The Hills Have Eyes (1977)

Article 3466 by Dave Sindelar
Viewing Date: 1-4-2011
Posting Date: 2-9-2011
Directed by Wes Craven
Featuring Susan Lanier, Robert Houston, Martin Speer
Country: USA
What it is: Family feud

A middle-class family gets stuck in the middle of nowhere looking for a silver mine, and find themselves the target of a family of cannibalistic mutants.

It was a good half a decade before Wes Craven returned to horror movies after his notorious THE LAST HOUSE ON THE LEFT, and this is the result. It lacks that gritty sense of reality that made his earlier movie so memorable, but the production values are higher, it’s better paced, and it avoids the comic relief that badly marred the other movie. Yet, I find myself somewhat disappointed by this one. The first half of the movie works the best; with one exception, our glimpses of the mutant family are so fleeting and quick that a genuine sense of dread is built up. However, once we start seeing the mutants regularly, the dread starts to dissipate; they’re overly chatty and even a little bit cartoony. Furthermore, the concept that this middle class family will prove just as violent and brutal as the mutants (the element that is supposed to make the movie disturbing) isn’t new, even for Craven; that was one of the whole points of the last part of THE LAST HOUSE ON THE LEFT as well. Still, Michael Berryman is scary just standing there. There would be a sequel, as well as a remake.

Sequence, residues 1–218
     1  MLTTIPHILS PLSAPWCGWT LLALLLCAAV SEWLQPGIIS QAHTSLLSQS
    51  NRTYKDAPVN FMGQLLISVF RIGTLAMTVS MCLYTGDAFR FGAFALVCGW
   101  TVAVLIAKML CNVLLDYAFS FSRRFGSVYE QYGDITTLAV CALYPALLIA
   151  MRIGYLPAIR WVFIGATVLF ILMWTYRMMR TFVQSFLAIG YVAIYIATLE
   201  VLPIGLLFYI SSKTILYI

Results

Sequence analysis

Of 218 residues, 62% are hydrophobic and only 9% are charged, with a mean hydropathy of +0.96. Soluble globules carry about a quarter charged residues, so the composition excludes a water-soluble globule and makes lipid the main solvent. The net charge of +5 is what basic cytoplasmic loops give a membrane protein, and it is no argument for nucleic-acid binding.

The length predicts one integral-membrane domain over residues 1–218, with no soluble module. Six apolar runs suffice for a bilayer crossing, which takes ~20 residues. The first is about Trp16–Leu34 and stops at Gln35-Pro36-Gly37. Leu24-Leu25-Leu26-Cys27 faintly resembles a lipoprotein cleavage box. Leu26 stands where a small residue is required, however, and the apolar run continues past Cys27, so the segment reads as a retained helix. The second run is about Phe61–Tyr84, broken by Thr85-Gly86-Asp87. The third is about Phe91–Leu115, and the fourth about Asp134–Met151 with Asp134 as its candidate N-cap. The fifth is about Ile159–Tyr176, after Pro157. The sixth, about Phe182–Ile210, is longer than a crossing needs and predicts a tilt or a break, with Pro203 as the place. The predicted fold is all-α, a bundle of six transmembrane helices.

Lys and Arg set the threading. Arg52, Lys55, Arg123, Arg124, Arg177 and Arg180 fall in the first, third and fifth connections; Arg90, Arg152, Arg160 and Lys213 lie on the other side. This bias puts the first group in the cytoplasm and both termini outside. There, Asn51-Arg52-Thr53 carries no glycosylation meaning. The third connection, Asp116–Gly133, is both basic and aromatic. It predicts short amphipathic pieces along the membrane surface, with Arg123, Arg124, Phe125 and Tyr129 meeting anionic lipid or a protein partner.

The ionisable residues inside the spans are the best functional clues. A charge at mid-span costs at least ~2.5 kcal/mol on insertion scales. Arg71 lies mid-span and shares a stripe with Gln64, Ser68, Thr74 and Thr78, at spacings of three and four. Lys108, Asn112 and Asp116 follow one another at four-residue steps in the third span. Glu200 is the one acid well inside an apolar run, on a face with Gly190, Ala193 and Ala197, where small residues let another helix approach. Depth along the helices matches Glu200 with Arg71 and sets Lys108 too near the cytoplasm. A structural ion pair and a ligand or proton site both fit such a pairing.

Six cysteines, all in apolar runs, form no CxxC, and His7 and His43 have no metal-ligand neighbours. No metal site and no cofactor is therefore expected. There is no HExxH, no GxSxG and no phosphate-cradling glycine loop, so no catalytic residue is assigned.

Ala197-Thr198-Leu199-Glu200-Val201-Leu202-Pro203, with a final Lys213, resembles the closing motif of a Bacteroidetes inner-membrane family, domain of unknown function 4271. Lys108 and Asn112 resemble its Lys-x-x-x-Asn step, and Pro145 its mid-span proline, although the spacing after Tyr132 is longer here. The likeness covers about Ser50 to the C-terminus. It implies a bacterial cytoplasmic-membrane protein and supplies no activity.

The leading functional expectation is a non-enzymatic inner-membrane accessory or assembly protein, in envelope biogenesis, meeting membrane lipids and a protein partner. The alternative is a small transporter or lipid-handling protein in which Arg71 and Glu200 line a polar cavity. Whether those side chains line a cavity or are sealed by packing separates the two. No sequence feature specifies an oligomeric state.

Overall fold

Honeymoon (1985)

aka Lune de miel
Article 3419 by Dave Sindelar
Viewing Date: 11-12-2010

Posting Date: 12-24-2010
Directed by Patrick Jamain
Featuring Nathalie Baye, John Shea, Richard Berry
Country: Canada / France
What it is: Psycho killer movie